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Faith-based investors push bankers for transparency

Traders work on the floor of the New York Stock Exchange May 5. (CNS photo/Brendan McDermid, Reuters)

WASHINGTON -- As Congress debates legislation to restrict the activities of financial traders, a group of faith-based institutional investors is pressuring four of the nation's largest banks to become more transparent in the way they transact investment deals.

The investors, under the banner of the New York-based Interfaith Center on Corporate Responsibility, have introduced shareholder resolutions that call upon the banks to act more openly and with clarity in the trading of financial products known as derivatives.

If votes at two recent shareholder meetings mean anything, the campaign seems to be catching on.

Resolutions offered during shareholder meetings at Citigroup and Bank of America met with unprecedented success. A Citigroup resolution April 20 captured 30 percent of the vote; a similar measure at Bank of America April 27 garnered 39 percent of shareholder votes.

Traditionally, shareholder resolutions receive single-digit support the first time they are offered. Even resolutions encouraging divestment from South Africa under apartheid in the 1980s met with minimal success when first proposed. Eventually, the resolutions were approved and the widespread divestment from South Africa that followed helped bring down the apartheid system.

ICCR representatives say transparency in derivative trading is necessary to prevent another economic meltdown and a deepening of the current steep recession.

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Two more banks are being targeted by ICCR-backed resolutions: Goldman Sachs May 7 and JPMorgan Chase May 18.

The firms are four of the five financial institutions reportedly accounting for 96 percent of all derivatives trading in the United States.

For the record, a derivative is a financial contract with its value linked to the expected future price movements of an asset -- a share of stock or a currency, for example.

While such trading is not illegal, questions have arisen over how derivatives were packaged and marketed and whether investors were fully informed about what they were buying before the economic collapse in 2008.

Oblate Fr. Seamus Finn, director of social justice for the Missionary Oblates of Mary Immaculate and a leader within the ICCR, said the resolutions evolved from a 30-year effort to call attention to banking practices that enrich a few while placing people worldwide at deeper risk of financial losses and deeper poverty.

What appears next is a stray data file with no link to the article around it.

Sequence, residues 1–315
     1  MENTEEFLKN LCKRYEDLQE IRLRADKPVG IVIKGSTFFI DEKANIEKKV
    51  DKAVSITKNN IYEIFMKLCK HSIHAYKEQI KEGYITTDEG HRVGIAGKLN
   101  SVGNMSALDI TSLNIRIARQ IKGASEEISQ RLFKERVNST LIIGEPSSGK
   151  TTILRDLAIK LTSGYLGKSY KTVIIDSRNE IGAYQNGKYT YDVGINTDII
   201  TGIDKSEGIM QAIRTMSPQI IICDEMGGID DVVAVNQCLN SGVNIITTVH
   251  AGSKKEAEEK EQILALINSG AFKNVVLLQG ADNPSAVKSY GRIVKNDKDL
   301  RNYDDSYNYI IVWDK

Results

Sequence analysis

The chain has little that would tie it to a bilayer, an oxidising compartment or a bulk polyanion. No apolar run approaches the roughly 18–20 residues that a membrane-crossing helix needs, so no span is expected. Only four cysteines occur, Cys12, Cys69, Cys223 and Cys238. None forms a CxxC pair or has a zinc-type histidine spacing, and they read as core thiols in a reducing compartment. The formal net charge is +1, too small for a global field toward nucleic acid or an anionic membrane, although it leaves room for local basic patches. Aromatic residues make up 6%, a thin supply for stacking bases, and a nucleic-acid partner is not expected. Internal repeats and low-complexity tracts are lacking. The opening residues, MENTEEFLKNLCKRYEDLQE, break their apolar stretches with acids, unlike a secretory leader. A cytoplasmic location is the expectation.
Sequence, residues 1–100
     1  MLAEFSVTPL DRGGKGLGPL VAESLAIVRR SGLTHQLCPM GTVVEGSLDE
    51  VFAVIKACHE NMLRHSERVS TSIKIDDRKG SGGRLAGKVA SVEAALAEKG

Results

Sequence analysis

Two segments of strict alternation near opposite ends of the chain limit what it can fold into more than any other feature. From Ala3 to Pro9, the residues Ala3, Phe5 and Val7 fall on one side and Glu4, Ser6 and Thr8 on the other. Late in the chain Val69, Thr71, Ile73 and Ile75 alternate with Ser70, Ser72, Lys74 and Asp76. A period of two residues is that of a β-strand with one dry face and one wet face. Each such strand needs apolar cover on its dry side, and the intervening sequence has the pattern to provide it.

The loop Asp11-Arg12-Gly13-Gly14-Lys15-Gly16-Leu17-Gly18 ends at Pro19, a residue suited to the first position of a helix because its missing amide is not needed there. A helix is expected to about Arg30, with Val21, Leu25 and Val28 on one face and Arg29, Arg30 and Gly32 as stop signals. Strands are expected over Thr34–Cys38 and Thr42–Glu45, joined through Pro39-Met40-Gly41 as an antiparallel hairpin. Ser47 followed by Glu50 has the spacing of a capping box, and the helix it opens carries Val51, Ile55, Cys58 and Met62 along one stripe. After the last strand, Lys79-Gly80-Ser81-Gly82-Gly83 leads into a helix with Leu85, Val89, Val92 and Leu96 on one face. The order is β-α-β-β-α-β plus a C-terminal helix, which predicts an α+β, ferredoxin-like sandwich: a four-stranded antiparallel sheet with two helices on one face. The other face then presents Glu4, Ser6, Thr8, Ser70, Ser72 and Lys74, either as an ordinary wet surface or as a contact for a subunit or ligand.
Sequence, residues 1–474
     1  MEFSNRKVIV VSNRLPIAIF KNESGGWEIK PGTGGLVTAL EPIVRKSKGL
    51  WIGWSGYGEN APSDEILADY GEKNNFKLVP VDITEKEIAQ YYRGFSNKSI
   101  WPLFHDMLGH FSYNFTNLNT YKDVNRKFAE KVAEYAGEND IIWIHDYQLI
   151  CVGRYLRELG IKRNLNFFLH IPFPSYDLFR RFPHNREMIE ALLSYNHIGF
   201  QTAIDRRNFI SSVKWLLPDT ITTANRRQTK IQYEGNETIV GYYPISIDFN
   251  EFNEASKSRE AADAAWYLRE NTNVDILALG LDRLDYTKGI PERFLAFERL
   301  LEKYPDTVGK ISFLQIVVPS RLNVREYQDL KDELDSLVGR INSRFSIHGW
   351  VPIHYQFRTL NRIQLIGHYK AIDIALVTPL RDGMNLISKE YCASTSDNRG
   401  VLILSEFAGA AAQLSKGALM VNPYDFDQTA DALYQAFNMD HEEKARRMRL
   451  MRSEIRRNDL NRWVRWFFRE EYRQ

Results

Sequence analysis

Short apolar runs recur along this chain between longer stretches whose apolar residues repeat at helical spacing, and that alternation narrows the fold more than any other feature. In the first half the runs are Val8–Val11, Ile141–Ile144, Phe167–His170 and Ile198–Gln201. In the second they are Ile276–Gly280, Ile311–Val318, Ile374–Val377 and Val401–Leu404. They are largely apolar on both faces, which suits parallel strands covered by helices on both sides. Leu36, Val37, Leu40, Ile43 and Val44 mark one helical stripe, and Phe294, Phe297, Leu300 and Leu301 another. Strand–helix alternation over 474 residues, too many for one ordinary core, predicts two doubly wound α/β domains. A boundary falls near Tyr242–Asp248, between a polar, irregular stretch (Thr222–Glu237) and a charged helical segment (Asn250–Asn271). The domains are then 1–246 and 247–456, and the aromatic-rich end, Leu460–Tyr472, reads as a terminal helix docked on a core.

"We believe derivatives, improperly handled, are a risk for the entire financial institution," Finn said.

Catherine Rowan, corporate responsibility coordinator for the Maryknoll Sisters, was to present the ICCR-backed resolution at Goldman Sachs. She expected the meeting to be interesting in light of the recent negative publicity the company has received.

"We see this as an opportunity to educate our fellow shareholders," Rowan told Catholic News Service May 3. "It's the shareholders' responsibility to hold management accountable. We're trying to illustrate the need for greater transparency and disclosure."

Goldman Sachs is the poster child for banking practices run amok. The firm remains under fire from politicians and regulators for the way it packaged and sold mortgage-related securities before the 2008 collapse of the housing market.

The firm's practices in those deals led the Securities and Exchange Commission April 16 to file civil fraud charges against it and one of its traders, Fabrice Tourre, alleging they misled clients in the marketing of mortgage securities. During subsequent Senate Banking Committee hearings, senators publicly rebuked Goldman Sachs executives.

If that's not enough, the Justice Department has opened a criminal investigation into the firm's activities. Whether charges will be filed remains uncertain.

Throughout it all, Goldman Sachs executives have denied any wrongdoing.

It should be noted that derivative trading is not illegal. The questions in this case revolve around whether Goldman Sachs and the other banks fully shared with investors that the derivatives being sold were based on shaky mortgages.

Admittedly, derivatives are a sometimes risky investment. Shrewd investors know they ought to have a good picture of what they are getting into.

However, Sr. Barbara Aires, coordinator of corporate responsibility for the Sisters of Charity of St. Elizabeth in Convent Station, N.J., said failed financial deals reach far beyond individual investors or institutions hedging their bets on big gains in a short period of time.

"We have seen the impact of these failed situations, whether it was in the housing debacle or whether in the Enron-type thing," Aires told CNS. "We see unbelievable practices where some people make enormous amounts of money and others go down the drain.

"Producing wealth and capitalism, I'm not for getting rid of all this," Aires said. "But it needs balance, and it needs fairness."

Legislation that would rein in banking practices by eliminating irresponsible risk-taking and improving oversight of banking firms is pending in the Senate. The likelihood of its passage grew after the Goldman Sachs hearings.

The Senate began amending the bill May 4 after Republicans dropped objections in late April to beginning debate on it.

Even should the bill pass, the ICCR will continue to push for openness in financial deal making. It is important, Maryknoll's Rowan said, that each financial institution being targeted publicly state its commitment to fair banking practices.

"We've been working on this issue ... and we will continue to plug away," she said.

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